UPDATE: Early Adoption
We are thrilled to be accepting applications from ESL programs that would like to use the CyWrite technology in their classrooms.
How it started
The idea for CyWrite emerged from our research into uses of the commercial automated writing evaluation (AWE) tool Criterion by Educational Testing Service (ETS) by learners and teachers of English as a second language (ESL). This research confirmed the potential of AWE but also found numerous issues that needed to be addressed, including the accuracy, clarity, and explicitness of formative feedback; learners’ and teachers’ confidence in AWE scoring; questions of when and how learners should use AWE while learning to write academically; and the usability and functionality of the system itself. We started to investigate alternate approaches that could inform the design of improved AWE systems, but to operationalize our ideas we needed a system that was customizable. In contrast to existing systems originally designed for standardized testing, CyWrite has been developed to support not only testing but also the writing instruction and research.
How it works
The AWE component of CyWrite relies on a hybrid (statistical and rule-based) natural language processing (NLP) engine for the detection of various word-, sentence-, paragraph-, and text-level features, for example, spelling and grammatical errors, stylistic issues, and certain discourse patterns. Formative feedback to the learner is generated based on the detected features and delivered either concurrently with the composition process (for example, in the form of the “red squiggly line” for the spelling errors, or “comments on the margin” for poor stylistic choices), or episodically, that is, after the learner submits his or her draft for automated evaluation.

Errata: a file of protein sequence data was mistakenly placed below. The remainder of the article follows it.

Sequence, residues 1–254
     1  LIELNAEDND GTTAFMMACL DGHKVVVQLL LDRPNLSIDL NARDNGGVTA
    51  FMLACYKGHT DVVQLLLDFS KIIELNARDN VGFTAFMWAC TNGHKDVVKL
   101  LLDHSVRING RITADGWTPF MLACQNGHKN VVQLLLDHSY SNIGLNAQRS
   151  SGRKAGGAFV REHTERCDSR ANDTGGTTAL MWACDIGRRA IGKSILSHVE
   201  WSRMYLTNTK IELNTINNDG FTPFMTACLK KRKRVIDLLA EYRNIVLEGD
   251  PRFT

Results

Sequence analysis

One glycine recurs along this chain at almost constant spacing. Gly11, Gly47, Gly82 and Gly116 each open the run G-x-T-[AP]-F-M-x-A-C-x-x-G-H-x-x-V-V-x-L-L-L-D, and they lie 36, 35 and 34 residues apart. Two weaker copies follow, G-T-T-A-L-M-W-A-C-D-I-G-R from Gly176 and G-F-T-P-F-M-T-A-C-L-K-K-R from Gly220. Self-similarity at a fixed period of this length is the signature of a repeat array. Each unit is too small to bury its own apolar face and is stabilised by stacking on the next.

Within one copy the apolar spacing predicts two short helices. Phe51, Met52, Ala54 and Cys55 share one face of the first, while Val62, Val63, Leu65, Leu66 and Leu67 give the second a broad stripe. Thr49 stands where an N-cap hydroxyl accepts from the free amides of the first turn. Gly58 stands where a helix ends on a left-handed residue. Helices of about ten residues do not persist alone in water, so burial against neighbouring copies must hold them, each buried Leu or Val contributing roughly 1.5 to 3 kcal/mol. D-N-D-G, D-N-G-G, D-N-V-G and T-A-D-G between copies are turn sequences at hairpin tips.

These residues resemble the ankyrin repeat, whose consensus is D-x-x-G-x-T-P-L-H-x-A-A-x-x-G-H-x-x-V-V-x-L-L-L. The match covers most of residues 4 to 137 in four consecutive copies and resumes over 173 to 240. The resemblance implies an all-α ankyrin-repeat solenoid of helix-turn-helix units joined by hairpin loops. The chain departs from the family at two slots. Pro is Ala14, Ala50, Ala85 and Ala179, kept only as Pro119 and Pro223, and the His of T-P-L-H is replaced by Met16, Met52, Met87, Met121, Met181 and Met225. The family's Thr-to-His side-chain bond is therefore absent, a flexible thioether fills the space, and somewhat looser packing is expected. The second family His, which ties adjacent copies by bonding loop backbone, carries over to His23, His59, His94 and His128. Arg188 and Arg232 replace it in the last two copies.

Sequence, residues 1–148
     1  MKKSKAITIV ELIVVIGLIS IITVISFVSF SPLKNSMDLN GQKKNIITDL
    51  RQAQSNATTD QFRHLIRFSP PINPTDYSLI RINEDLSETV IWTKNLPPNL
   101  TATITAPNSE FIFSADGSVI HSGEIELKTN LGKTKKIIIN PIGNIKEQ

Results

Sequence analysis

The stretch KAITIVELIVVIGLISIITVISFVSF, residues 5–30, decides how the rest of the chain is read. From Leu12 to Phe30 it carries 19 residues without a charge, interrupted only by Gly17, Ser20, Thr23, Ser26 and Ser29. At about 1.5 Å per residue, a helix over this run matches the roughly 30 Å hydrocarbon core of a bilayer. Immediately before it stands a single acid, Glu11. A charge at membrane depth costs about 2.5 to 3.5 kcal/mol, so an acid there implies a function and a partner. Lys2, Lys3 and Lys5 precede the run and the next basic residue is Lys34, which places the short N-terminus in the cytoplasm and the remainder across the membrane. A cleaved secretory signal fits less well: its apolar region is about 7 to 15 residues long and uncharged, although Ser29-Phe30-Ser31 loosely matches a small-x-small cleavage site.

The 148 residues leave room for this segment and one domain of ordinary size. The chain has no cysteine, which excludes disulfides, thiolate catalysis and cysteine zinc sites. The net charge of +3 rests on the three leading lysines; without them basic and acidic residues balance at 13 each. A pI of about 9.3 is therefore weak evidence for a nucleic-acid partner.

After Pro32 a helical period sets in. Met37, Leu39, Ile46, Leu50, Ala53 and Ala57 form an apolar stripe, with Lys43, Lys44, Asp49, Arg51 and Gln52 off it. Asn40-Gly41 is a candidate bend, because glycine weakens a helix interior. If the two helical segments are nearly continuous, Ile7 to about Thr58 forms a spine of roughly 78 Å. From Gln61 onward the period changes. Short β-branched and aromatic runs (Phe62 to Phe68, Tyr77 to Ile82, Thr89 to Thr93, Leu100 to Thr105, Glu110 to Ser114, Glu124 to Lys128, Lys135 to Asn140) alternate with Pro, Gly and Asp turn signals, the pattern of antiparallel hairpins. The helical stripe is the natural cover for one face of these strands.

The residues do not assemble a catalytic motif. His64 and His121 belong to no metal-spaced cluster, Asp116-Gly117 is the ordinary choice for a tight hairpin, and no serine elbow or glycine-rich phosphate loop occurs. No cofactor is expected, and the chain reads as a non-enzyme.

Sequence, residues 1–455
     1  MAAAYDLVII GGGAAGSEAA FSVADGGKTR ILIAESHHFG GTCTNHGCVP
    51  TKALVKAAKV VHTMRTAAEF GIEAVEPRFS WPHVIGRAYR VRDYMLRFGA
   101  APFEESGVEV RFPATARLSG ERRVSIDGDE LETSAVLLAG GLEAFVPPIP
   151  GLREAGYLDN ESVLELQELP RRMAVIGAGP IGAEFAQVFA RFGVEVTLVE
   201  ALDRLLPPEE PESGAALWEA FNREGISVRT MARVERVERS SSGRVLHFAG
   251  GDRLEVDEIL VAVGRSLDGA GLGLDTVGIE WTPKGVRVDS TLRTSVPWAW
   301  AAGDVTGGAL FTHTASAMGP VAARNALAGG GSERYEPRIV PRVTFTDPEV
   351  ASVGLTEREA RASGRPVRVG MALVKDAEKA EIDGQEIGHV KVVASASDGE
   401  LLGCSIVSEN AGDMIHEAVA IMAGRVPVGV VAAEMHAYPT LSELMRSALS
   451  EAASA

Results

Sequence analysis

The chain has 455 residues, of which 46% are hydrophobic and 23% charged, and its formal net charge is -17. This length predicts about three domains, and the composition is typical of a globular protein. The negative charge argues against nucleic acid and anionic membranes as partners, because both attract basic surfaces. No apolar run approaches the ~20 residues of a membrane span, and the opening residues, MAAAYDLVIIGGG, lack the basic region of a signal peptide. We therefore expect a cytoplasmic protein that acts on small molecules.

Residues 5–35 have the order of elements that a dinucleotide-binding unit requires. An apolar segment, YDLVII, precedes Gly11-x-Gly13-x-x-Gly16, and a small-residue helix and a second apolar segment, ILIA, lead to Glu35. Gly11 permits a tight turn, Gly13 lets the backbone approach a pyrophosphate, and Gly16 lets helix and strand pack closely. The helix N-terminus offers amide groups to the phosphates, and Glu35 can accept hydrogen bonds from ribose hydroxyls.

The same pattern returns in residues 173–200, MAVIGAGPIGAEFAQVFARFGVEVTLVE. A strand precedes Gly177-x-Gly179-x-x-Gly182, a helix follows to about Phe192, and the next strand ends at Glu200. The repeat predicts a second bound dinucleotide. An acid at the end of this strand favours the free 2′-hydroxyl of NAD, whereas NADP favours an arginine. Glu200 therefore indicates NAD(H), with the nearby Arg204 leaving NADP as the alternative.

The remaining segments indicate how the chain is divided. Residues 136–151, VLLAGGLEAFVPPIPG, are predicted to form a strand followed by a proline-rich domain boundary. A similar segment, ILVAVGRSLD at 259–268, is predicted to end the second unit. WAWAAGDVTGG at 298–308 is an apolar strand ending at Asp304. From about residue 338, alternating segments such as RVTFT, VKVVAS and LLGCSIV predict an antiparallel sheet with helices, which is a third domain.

How we’re extending CyWrite’s reach
CyWrite was engineered as a modular system. Open real-time application programming interfaces (APIs) allow for extending the functionality of CyWrite via third-party extension modules (or plug-ins), and also for incorporating the core CyWrite technology into other applications. Such extensibility of the system has logically led to broadening its scope from just an AWE tool to a platform for building complex learning environments. For example, at Iowa State University, a writing support environment based on the CyWrite AWE technology is implemented in academic writing classes for non-native speakers of English, with custom curriculum-specific workflow modules being integrated with the core via the APIs. Additional functionality, such as integration of teacher-provided and peer feedback with the formative feedback automatically generated, is continually being developed and tried out in instructional settings.
How to stay updated on the project
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